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Apr 21st
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Wag More, Bark Less

ae_2_1Lifelong dog friendship inspires children’s book series ‘Adventures of Jack and Rugby’

It was the dogs that brought them together. Tory Beale and Cynthia Messer had known each other throughout their sons’ schooling, but it wasn’t until the two families coincidentally adopted puppies within a few months of each other that they began to meet for weekly play-dates. Puppy play-dates, that is.

“As the dogs got to be good friends, we got to be good friends,” says Messer. Amidst those first years of puppy teething and potty training, little did the women know that their adventures with the dogs would form the makings of a children’s book. And as that first book evolved, they wrote another; and then two more. Finally, they had a series.

The two authors will bring their children’s book series, “The Adventures of Jack and Rugby,” to Capitola Book Cafe on Saturday, Nov. 5 at 1 p.m. They will read from the books, talk about their experiences with the beloved dogs—as well as their experiences as authors—and sign copies of the books. Children are encouraged to bring their favorite stuffed animals to the reading.

Each of the four books begins with an introduction to the dogs:

“Jack is a medium-sized Labrador retriever. His fur is smooth and shiny. He is full of energy, very alert, and sometimes a little worried ... Rugby is an enormous poodle. His fur is soft and curly ... He is fluffy, floppy and happy-go-lucky.”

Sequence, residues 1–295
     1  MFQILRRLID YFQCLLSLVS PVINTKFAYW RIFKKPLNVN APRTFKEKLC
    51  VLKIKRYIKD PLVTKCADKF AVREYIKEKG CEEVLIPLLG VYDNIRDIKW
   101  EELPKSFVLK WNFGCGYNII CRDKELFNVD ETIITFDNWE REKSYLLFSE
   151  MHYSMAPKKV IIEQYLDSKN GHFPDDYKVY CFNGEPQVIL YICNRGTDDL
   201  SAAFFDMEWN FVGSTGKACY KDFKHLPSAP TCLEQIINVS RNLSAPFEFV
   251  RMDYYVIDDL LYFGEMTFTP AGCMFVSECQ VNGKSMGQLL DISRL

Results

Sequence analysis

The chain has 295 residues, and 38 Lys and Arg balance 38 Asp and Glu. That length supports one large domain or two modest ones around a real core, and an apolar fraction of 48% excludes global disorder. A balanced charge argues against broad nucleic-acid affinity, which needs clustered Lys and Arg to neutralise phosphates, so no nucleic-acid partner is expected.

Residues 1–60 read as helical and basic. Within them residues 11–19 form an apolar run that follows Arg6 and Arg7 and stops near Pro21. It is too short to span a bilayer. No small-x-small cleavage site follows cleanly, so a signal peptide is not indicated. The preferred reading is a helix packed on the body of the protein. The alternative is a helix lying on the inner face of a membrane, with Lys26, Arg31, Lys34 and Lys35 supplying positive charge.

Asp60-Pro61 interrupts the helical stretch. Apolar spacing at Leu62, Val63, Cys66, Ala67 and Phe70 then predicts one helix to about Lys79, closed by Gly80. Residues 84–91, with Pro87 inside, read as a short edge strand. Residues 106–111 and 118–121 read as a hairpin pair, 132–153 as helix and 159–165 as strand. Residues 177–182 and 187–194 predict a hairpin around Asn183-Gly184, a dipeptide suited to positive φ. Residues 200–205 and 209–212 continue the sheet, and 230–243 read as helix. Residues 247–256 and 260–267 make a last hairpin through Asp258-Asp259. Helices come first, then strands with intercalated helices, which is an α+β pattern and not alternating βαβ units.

ae_2_2Part of the attraction of these books for children is that they feature real-life photographs of the dogs. They are also written entirely from the dogs’ point of view—which happens to be not so far from a child’s point of view.

During an informal interview of some young readers, one wide-eyed 7-year-old girl quips, “Did they really just drop the dogs off and let them go off on adventures on their own?”

And that’s how the tales are presented to children: as the series progresses, the dogs venture farther from home—much like the journey that each child faces in growing up. In the first book, “Best Friends,” Rugby is simply going for a play date at his buddy Jack’s house. In the next book, “The Birthday Ball,” the dogs take a journey to Carmel, where they go to tea at the elegant Cypress Inn (an actual boutique hotel that does welcome canine guests), followed by a wild romp on the beach.

In “The Sleepover,” Jack takes the big step of spending the night at Rugby’s house—but not without his special sleeping blanket and fluffy skunk. “The Big Trip” involves a venture even farther out, where the dogs travel to Gray Eagle Lodge in the Sierra Nevada Mountains (another real-life pet-friendly venue).

“There was never a point at which we weren’t thinking about a child’s point of view,” says Beale. “We were documenting the dogs, but also (documenting) how much they are like children. They may have a little slight concern, a little worry—but there’s always reassurance because of their friendship.”

Both authors have had extensive experience working with children, in addition to raising families of their own, so they found it natural to slip into a child’s worldview. Messer was an elementary teacher and reading specialist for several years, and is now a court-appointed special advocate (CASA) for abused and neglected children. Beale is a licensed clinical therapist who has both worked with special-needs children and taught preschool.

But when the authors began documenting the adventures of their canine companions, they didn’t set out with the goal of writing a children’s book. They started by taking pictures and pasting them into a scrapbook as something their families could enjoy.